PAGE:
No, the only trade of recent memory that could possibly come close to being splashy, was the three team trade of Colby Rasmus in 2011.  That trade was made more out of the necessity of separating Rasmus and his manager Tony LaRussa before someone got hurt, though the return the Cardinals obtained did help them win a World Series.  That return didn’t “return” much of anything after that (though we did get a draft pick that returned us Patrick Wisdom, so there is something yet unrealized). There was also last season’s trade of Allen Craig and Joe Kelly; that trade was more surprising than splashy.  Surprising perhaps most of all to Craig, Kelly, and their teammates, who learned of the trade the same way the rest of us did, from the media.  Oops.

Most years the Cardinals do something low key, a minor player for another minor player.  There was Michael Blazek for John Axford in 2013, who remembers who Michael Blazek was?  We remember Axford, because he is kind of hard to forget, but do you know where he is now?  Then there was Zack Cox for Edward Mujica in 2012.  Mujica was a great deal for us until he wasn’t, but a gold star for anyone who knows what in the world happened to Zack Cox.

No, the Cardinals are anything but splashy.  I suspect if the Cardinals make any trades this season, it will be of the low key variety.  Perhaps a bullpen arm, or a first baseman that comes cheap. No Joey Vottos, Paul Goldschmidts or Freddie Freemans will occupy first base for the Cardinals in the second half.  More like an Adam Lind, or an Ike Davis or a Logan Morrison.  Someone who fans will say, “that guy?” over.  That is the Cardinal Way, amirite?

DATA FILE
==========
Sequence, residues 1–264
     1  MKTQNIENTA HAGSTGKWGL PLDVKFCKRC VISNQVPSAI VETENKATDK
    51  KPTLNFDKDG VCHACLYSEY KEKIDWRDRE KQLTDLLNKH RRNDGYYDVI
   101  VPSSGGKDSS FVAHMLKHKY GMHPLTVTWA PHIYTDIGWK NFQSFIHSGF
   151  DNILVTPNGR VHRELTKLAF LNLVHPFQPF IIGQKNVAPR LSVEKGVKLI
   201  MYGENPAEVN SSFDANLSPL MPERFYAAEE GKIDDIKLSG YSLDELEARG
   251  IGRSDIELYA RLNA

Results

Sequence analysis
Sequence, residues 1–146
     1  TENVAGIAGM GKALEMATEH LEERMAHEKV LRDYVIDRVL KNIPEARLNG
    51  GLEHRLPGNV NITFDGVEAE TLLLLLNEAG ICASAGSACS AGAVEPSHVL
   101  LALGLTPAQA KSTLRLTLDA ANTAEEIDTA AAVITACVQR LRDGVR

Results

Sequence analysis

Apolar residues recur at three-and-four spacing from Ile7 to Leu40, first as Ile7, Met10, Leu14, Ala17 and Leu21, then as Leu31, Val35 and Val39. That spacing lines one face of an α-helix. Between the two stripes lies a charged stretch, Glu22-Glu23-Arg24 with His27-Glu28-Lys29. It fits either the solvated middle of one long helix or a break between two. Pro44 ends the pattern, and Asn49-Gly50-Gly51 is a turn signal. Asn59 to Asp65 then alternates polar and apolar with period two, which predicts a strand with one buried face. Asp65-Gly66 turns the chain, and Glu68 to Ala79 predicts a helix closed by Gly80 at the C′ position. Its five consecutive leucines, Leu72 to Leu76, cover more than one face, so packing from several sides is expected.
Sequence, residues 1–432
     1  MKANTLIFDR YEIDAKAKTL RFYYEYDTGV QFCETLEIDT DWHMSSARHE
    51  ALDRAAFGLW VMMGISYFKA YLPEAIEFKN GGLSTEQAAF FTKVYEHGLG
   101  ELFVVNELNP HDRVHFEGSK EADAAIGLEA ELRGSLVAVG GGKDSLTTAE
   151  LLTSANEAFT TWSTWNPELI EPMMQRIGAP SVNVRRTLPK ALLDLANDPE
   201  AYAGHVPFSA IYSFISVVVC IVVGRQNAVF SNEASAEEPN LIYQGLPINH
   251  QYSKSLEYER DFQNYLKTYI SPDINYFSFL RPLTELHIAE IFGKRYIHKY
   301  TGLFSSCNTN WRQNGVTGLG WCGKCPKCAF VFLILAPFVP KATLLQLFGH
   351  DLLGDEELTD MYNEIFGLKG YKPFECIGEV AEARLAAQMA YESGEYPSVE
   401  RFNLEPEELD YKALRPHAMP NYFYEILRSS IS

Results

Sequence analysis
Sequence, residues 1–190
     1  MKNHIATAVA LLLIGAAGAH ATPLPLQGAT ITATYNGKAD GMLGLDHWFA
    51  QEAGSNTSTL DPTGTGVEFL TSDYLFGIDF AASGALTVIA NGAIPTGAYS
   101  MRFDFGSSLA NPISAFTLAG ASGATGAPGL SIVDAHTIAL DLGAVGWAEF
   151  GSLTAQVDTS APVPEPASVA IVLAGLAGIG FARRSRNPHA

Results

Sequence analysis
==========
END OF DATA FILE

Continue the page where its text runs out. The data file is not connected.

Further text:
Don’t misunderstand me, I am not complaining.  Splashy deals that are expensive are for suckers.  Most of them turn out to be a big wet dud.  The San Diego Padres made a bunch of these splashy deals in the offseason and where did it get them? Have the Marlins or the Blue Jays set the world on fire in the last several years?

I think low key deals are just fine for the Cardinals.  They tend to work out more often than they don’t.  John Axford and Edward Mujica were good for us.  If you don’t count the Craig/Kelly deal as splashy (I don’t) then that one has worked out in spades.  The Red Sox will probably never trade with the Cardinals again.  John Mozeliak is a crafty dude.  Don’t underestimate him, he knows how to get value under the radar.

I don’t expect this trade season to put the Cardinals on the map, so to speak.  That is just fine with me.  The Cardinals get enough media attention as it is, and not in a good way.

Low key, yeah that’s the ticket.



Thank you for reading.